Hi, it’s Patrik Hutzel from intensivecarehotline.com with another quick tip for families in intensive care.
So, Stephanie has an email, and she says, “Hey, what are the signs that my mom can be weaned off the ventilator? She’s in ICU with pneumonia and she’s got a pneumothorax as well.”
So, Stephanie, there are several signs to look for, before someone can be weaned off the ventilator. You haven’t actually shared whether your mom is ventilated with a breathing tube in her mouth, or with a tracheostomy in her throat. You haven’t actually shared that, but let’s just assume she’s ventilated with a breathing tube in her mouth, to begin with.
Now, before I go into the details, like this video, share the video with your friends and families if you find value in it, and subscribe to my YouTube channel for regular updates for families in intensive care.
Now, let’s dive right into it.
So, your mom needs to be off sedation. Assuming she was in an induced coma for the breathing tube, she needs to be off sedation, and off opiates or pain medicine completely. She needs to be awake. She needs to be able to follow simple commands such as poke out her tongue, squeeze your hands, wiggle her toes, and simple stuff like that.
Next, she needs to have a good, strong cough. Because once the breathing tube is out, if she can’t cough, she can’t protect her airway. That’s number two.
Number three, she needs to have good arterial blood gases, good partial pressure of oxygen (PO2) or oxygen levels in the blood, and good partial pressure of carbon dioxide (PCO2) or good carbon dioxide levels in the blood to make sure that the gas exchange in the lungs is actually working.
Next, on the ventilator itself, she needs to breathe in continuous positive airway pressure (CPAP) or pressure support with minimal positive end-expiratory pressure (PEEP). PEEP of 5. Minimal pressure support, usually 10 or less, probably 8 or less is even better. And her tidal volumes need to be good. They need to be adequate to her weight, 7 to 10 mls per kilo. Which means for simplicity, if someone weighs 80 kilos, they need to breathe roughly around seven to 800 mls per breath. And fraction of inspired oxygen (FiO2) or oxygen that she’s getting through the ventilator, needs to be below 30 to 35 as well.
Now those are the signs in a nutshell. She needs to be able to sit up again, cough, then go. Once the breathing tube is out, she needs to be able to cough as I said. Sit up, get out of bed, and get mobilized, assuming she doesn’t have any fractures.
Now, you mentioned with your mom’s situation, that she has a pneumothorax. She will have a chest drain for that. Now that shouldn’t stop her from getting extubated. If she’s otherwise ready, you got to look for the drainage of the chest drain. Is there any blood coming out? Or any other fluids? Or is there nothing coming out at all? Which is obviously a good sign.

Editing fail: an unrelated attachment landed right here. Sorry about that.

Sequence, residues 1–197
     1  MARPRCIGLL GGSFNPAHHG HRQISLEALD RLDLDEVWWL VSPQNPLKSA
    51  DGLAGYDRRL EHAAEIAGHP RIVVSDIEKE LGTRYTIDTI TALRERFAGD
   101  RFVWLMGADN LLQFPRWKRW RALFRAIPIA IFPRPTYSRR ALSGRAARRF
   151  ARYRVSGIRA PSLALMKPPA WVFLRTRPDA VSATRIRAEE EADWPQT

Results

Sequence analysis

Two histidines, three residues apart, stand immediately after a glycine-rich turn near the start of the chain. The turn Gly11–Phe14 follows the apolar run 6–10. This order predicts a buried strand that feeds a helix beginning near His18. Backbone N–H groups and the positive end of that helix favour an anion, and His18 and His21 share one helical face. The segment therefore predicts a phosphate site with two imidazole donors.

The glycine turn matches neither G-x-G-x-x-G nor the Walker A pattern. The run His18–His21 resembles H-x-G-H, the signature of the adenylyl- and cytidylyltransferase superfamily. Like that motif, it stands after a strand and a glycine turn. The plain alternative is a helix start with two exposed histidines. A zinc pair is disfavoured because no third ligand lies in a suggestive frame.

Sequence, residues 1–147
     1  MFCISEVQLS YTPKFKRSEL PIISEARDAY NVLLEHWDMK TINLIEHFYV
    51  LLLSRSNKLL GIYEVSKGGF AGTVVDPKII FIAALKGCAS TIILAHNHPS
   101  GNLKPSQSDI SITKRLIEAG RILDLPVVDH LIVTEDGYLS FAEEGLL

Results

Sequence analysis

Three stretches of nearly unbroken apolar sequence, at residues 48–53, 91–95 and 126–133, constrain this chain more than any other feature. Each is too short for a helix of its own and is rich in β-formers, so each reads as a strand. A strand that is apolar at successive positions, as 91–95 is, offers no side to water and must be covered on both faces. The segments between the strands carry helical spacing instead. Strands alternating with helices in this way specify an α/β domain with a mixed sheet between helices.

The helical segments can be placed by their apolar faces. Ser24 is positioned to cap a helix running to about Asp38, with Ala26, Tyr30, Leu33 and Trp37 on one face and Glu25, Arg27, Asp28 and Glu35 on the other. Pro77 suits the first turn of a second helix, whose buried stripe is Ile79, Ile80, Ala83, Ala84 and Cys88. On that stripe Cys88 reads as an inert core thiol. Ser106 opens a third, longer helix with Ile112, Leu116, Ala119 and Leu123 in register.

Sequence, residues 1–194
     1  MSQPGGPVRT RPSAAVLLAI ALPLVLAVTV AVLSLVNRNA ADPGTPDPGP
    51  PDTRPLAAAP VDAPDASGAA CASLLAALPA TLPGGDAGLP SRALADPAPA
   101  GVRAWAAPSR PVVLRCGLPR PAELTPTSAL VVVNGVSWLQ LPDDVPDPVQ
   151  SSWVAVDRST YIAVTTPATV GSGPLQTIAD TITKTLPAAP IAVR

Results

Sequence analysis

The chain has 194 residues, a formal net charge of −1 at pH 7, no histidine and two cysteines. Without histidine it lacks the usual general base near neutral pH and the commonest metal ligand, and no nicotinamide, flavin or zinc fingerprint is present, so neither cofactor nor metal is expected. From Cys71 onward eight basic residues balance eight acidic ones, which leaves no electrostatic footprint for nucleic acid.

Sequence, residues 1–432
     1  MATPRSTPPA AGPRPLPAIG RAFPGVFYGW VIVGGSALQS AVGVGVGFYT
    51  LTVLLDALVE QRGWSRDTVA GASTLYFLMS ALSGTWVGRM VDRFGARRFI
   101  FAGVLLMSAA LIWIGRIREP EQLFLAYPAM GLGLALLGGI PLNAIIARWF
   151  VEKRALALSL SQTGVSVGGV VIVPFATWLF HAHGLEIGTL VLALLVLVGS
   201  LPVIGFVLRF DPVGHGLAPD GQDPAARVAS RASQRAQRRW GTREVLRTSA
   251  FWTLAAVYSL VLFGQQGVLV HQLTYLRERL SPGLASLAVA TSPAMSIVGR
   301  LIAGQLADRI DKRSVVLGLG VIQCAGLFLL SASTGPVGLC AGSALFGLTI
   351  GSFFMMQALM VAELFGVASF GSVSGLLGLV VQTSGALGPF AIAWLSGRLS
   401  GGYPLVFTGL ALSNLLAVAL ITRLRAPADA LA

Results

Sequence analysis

If your mom has a tracheostomy, pretty much the same applies with the difference that, with a tracheostomy, you can go back and forth from the ventilator and off the ventilator. It’s very easy with a tracheostomy. You can switch between ventilation and the tracheostomy mask or tracheostomy shield.
And it’s actually a much easier process and you have more time. There’s less room for error, really. You can assess if, can someone cough? Can they clear their own airway? But it’s often also a longer process. Sometimes you may have to downsize the tracheostomy first before you can actually remove it, but I’ll make a separate video about that on another day.
That is my quick tip for today.
If you have a loved one in intensive care, go to intensivecarehotline.com. Call us on one of the numbers on the top of the website or send us an email to [email protected].
We also offer medical record reviews for your loved ones in intensive care, either while they are in intensive care or after they’ve been in intensive care, to answer your questions and making sure the intensive care team is telling you the full story. Most of the time, they’re not telling you the full story. And we can help you with getting down to the nitty and gritty and making you really understand what is actually happening in intensive care without leaving important details out.
Again, like the video, comment below what you want to see next, subscribe to my YouTube channel , click the notification bell, and share this video with your friends and families.
This is Patrik Hutzel from intensivecarehotline.com and I will talk to you in a few days.